With two siblings in critical condition, she anxiously rushed to the airport to try to catch a flight to San Francisco. At the airport she was met by a long line of people trying to buy plane tickets. She decided to sit first and wait.
A sister dressed in a nun’s habit approached her and smiled at her. She smiled back. The sister introduced herself as Sister Faustina and told her, “You have the eyes of your siblings.” She did not put much meaning to this comment, but she told the nun her predicament.
Sister volunteered to get her ticket for her and said they would board the plane together. She was also told not to worry because her siblings will all be well by 3 p.m.
Upon landing in San Francisco, she looked for sister. Not seeing her, she asked the flight crew and the other people around her if they saw where the sister who accompanied her on the plane went. Everybody she asked told her that they did not see any sister and that she was alone when she boarded.
She began to wonder, but still did not put much meaning into the situation, still being anxious over her siblings’ state. When she reached the hospital, she was told that before 3 p.m., the doctors had pronounced both her siblings out of critical condition. It was only then that she got over her worries and told her family about her encounter with Sister Faustina.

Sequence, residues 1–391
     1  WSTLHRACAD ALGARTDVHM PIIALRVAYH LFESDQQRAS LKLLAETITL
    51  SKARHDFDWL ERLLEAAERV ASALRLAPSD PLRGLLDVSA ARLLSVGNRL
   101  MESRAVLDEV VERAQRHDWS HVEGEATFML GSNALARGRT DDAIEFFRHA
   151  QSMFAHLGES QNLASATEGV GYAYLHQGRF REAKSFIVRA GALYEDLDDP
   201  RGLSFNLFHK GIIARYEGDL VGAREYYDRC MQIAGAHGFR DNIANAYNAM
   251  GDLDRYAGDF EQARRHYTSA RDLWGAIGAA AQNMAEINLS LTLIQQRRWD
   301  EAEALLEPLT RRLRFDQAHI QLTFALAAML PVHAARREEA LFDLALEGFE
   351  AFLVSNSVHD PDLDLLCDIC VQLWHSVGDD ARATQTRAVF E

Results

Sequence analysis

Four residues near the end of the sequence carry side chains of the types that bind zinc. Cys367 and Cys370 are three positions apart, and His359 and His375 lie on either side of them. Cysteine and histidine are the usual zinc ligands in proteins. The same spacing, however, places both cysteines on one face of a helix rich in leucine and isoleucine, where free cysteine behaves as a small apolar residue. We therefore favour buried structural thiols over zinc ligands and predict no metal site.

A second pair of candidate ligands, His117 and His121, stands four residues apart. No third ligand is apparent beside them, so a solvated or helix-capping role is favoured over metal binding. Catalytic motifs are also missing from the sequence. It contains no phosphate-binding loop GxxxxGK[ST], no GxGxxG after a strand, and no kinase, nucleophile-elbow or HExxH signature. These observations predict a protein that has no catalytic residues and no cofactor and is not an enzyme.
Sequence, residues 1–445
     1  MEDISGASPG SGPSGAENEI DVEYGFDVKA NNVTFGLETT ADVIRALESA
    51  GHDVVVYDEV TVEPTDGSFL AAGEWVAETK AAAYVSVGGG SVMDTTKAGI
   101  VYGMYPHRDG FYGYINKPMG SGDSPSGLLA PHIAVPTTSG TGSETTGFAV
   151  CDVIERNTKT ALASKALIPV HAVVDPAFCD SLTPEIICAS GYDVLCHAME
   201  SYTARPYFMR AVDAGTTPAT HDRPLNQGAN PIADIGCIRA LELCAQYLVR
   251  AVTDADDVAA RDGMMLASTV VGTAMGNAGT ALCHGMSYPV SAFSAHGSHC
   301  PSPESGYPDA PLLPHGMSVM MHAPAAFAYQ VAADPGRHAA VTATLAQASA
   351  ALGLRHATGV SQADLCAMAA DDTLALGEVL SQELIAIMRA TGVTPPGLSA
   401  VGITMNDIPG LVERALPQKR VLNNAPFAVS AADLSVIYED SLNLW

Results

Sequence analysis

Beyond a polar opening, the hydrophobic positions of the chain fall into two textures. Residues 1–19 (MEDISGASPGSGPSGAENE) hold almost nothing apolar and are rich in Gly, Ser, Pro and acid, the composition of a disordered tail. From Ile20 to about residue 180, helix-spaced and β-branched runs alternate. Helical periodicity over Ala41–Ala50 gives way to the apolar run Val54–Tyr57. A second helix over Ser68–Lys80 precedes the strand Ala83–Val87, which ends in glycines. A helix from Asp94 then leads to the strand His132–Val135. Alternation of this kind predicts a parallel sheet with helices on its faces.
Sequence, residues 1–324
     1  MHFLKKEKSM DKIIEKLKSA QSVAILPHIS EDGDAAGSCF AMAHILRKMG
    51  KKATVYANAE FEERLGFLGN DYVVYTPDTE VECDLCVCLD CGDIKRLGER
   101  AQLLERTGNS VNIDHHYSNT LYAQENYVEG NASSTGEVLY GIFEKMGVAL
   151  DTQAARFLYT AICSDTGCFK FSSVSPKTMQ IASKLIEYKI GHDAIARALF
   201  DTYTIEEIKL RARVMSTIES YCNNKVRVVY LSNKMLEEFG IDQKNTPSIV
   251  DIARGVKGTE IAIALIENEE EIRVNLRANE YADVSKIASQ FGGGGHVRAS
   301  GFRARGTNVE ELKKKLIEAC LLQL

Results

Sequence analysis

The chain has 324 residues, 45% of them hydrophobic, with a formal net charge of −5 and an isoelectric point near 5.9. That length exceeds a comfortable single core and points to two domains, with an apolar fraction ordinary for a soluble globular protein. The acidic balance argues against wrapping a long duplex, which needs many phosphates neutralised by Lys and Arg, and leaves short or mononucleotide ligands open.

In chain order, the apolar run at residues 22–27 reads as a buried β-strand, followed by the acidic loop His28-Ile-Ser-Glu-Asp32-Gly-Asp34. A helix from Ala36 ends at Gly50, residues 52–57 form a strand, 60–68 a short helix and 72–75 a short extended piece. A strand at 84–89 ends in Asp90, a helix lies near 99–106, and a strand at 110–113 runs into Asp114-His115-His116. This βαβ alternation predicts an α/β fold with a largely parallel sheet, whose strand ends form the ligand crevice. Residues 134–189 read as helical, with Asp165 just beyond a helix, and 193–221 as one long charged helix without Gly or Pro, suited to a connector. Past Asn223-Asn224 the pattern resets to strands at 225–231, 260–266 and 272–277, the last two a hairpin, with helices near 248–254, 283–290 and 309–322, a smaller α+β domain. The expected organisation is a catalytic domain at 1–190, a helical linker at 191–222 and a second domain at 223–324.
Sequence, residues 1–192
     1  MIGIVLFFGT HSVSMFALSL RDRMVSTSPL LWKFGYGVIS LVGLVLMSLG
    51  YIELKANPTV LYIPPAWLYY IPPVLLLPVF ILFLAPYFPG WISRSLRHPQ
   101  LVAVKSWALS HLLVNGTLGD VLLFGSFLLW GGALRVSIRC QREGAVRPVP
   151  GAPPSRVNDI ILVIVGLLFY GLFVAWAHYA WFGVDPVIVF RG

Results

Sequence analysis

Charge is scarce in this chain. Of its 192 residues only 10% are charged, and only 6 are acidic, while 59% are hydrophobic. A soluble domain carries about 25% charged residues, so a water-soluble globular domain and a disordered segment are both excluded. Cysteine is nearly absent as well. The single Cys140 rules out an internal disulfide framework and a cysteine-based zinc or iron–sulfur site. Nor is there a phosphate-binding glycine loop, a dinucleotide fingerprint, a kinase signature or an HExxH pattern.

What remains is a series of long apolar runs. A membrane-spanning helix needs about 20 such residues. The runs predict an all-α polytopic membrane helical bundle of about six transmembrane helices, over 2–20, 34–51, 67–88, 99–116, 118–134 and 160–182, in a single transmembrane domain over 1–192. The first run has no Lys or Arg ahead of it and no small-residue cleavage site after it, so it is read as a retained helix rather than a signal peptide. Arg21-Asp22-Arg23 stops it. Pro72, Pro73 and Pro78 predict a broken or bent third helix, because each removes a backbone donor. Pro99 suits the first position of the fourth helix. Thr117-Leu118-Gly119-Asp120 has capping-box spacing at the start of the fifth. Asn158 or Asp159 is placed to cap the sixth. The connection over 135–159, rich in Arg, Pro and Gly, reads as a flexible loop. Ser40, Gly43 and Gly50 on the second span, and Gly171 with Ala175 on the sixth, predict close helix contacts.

Then one of her siblings said, “Patay na si Sister Faustina, ano ka ba? Yan ang parokya natin sa Paniqui, Santa Faustina!” (Sister Faustina is already dead, what are you talking about? That’s the name of our parish in Paniqui, St. Faustina.) At that point she was stunned and awed.
The family Googled the name of St. Faustina, and when her picture appeared, the lady said. “That’s her! Siya yung sister na tumulong sa akin!” (She is the sister who helped me.) For two days, the whole family was crying as their sister from Vancouver related the details of her encounter with St. Faustina and the healing “miracle.”
This was the story that my priest-friend heard, and which prompted him to seek out the relic and request to borrow it for a day to bring her to close friends who were sick. The day when the relic came, he ended up bringing it around to five houses from 3-10 p.m.
He related how moved he was when all the people prayed fervently with much faith and devotion, for them to be healed of their various ailments.
The experience overwhelmed him and he started to better understand how Christ was moved with compassion when people came to him to be healed.
Then, three days after this experience, he passed by the shrine of Padre Pio along C-5 to pray for someone. When he got to Padre Pio’s image to pray, he said he was overcome by tremendous peace and faith. It was something he could not fully explain—and felt no need to explain.
This is the worry-free grace of faith that this Sunday’s readings describe to us.
This is the miracle in our day-to-day life—in the words of Ignatius, “Finding God in all things” and believing in peace that He is in charge.